I'm feeling like I have to see Movie 43 now that the Post and Daily News agree its the worst movie ever made.
— John Podhoretz (@jpodhoretz) January 27, 2013
Well, that's some stiff competition, right there. Rotten Tomatoes gives you the critics' blurbs on this Peter Farrelly . . . offering.
I haven't seen it, and don't expect to, despite sharing some of J-Pod's rubbernecking morbid curiosity, but among the things I might consider before going to this movie I would name a recreational fecal transplant.
Our culture is so superfluously crappy that I feel no impulse to seek out highly concentrated crap at a movie theater. I'd rather wait on something like this.
On the other hand, it seems that Fleetwood Mac's Rumours—which Enoch believes is the greatest pop album ever made—is seeing a resurgence in the UK. I like a lot of challenging music, music that pressures and deforms the expected, but Rumours is an album that surprises by how thoroughly and continuously it delivers sheer pleasure. That doesn't sound very sophisticated, but it is.
On occasion, I've written about songs featuring deformation of traditional forms, such as Brian Eno's "Back in Judy's Jungle," which turns the waltz into an alien form, but I've also written about pop standards that are so well crafted, so clean and crystalline, that they defy improvement. The Flamingo's version of "I Only Have Eyes for You" is one of those pieces, somehow crossing over into psychedelia by virtue of sheer simplicity of conception, which is a strange effect indeed. At Mom and Dad's place, they play oldies a lot, and I'd have to say that "It's All In the Game" is another of those pop standards that stands out for sheer clarity and homely wisdom. On the other hand, I heard "Happy Days Are Here Again" sung in a minor key. It was wannabe sophisticated. The deformation was simply unattractive, because it was such an obvious play, and a pretty strange selection, in my view, for assisted living. Tom Jones' "Daughter of Darkness" is just disturbing, any way you slice it. Whoever decided it ought to be on the playlist hadn't listened closely to the lyrics, I hope.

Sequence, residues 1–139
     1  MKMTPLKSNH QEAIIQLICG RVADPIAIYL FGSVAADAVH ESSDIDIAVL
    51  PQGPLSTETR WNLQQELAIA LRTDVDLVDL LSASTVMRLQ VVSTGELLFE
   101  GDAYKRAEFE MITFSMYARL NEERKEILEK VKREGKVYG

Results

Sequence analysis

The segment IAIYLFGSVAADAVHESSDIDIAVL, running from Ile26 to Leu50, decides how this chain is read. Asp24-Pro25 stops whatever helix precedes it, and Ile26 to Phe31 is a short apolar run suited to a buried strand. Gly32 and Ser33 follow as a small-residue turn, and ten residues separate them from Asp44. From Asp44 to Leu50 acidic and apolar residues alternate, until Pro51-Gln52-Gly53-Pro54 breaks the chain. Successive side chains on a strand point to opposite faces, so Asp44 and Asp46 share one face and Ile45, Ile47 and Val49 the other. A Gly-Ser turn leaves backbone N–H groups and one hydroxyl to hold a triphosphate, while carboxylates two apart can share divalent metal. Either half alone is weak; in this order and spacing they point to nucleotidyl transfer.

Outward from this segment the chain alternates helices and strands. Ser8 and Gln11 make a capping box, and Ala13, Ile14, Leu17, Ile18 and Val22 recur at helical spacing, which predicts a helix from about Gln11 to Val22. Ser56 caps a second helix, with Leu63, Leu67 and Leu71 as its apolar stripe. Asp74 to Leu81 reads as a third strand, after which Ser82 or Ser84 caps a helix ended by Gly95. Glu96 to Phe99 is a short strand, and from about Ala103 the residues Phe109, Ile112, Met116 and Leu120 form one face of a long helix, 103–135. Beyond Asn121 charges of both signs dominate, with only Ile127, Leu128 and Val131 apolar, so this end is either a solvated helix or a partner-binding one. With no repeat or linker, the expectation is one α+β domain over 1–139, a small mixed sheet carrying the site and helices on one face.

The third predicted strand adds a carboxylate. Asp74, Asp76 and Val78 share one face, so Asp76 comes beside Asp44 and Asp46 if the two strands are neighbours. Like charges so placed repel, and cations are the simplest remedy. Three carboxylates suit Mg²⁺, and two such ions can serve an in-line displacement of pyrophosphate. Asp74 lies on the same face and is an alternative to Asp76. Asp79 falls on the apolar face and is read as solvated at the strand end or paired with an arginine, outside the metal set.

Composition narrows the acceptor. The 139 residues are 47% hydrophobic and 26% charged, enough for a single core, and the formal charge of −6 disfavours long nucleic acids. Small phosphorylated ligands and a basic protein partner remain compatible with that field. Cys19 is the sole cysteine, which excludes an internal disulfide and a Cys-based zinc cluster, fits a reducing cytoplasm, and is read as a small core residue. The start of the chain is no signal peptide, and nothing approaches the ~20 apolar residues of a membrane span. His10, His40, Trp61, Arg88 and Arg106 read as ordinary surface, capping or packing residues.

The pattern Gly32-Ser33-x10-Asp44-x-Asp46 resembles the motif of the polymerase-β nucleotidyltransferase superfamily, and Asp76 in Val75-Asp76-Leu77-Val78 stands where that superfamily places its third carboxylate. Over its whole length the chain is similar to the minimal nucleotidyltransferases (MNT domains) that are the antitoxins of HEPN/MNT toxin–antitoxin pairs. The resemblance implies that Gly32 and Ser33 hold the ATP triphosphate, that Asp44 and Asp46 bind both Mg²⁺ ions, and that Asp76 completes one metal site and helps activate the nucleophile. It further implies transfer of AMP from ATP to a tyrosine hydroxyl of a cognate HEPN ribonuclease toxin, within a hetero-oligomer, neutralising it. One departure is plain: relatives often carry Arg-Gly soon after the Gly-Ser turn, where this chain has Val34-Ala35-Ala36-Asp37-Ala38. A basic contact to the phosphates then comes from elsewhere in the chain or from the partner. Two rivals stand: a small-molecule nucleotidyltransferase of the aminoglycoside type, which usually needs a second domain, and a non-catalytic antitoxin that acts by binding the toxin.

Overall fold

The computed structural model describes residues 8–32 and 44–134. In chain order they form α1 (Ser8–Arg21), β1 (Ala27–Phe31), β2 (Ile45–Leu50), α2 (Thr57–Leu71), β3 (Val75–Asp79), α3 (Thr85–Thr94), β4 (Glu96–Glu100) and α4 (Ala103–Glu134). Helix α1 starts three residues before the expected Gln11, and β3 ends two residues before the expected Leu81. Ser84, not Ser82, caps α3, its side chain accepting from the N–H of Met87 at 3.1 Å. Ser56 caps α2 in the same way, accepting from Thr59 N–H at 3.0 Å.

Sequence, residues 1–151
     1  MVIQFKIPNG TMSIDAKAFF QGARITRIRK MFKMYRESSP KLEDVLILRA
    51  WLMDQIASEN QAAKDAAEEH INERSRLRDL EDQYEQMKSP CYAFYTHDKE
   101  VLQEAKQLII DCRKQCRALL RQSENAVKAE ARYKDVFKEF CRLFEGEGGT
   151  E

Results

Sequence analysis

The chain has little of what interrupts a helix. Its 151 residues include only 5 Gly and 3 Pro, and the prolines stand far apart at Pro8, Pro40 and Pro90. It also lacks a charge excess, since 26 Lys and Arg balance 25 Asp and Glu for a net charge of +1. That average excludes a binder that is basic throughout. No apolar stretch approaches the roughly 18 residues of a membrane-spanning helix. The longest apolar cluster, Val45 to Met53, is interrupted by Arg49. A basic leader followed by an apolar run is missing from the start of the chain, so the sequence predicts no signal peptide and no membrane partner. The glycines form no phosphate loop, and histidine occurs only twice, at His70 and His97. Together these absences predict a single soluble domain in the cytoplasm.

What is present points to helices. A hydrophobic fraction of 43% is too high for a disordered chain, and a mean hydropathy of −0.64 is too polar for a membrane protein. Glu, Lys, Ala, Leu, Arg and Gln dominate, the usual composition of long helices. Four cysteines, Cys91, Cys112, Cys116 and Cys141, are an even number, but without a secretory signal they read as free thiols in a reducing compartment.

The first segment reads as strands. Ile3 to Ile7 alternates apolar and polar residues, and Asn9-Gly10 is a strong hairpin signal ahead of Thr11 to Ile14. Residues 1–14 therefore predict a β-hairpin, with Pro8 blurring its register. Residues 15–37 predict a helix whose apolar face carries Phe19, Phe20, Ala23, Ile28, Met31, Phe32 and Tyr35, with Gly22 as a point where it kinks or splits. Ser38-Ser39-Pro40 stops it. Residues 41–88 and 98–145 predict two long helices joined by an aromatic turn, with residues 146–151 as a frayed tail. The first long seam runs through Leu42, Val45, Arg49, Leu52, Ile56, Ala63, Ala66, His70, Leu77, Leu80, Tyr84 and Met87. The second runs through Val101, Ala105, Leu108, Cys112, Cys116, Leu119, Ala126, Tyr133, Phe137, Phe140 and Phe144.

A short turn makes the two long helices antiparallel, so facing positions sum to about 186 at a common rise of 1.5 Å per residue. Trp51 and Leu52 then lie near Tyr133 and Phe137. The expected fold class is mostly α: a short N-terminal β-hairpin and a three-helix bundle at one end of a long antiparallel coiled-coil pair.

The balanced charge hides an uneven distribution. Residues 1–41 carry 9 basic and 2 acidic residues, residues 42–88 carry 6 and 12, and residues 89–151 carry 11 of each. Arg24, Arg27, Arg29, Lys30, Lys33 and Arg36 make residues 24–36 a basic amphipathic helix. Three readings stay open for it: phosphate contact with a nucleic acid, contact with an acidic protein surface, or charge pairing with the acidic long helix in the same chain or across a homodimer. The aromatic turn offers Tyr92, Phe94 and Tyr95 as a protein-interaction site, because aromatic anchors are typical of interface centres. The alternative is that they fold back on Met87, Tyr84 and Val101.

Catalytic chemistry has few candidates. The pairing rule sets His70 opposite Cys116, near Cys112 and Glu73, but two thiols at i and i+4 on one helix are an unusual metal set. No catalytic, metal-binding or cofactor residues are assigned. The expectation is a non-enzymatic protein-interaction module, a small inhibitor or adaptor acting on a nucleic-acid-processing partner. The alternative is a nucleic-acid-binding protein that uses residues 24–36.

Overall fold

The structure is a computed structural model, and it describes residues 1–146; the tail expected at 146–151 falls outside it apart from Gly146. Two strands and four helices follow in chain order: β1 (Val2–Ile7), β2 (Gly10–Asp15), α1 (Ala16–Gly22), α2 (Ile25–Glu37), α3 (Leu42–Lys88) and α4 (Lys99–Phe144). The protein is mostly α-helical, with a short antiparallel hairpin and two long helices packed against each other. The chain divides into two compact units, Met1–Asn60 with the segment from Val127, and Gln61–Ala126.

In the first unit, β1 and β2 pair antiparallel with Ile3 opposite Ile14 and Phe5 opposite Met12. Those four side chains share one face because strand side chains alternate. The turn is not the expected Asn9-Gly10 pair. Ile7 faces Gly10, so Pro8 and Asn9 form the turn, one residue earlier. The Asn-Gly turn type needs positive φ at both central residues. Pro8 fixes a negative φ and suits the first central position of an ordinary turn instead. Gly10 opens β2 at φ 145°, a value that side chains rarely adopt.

I'm thinking about these things in part because of the whisky ads I've been seeing on television. There's a series for Dewar's with a Scottish woman that's pretty much a long sneer at people who don't take their alcohol 'seriously.' Others tout Jim Beam's "Devil's Cut," featuring visits to subterranean caverns where the real party's going on, with the real, serious partiers. It's all so sneerious, in its cultish invitation to come over to a dark side of disinhibition, as though misery doesn't lie that way, Angus.
But if you find offensiveness and transgression attractive per se, maybe this movie is your bag, baby.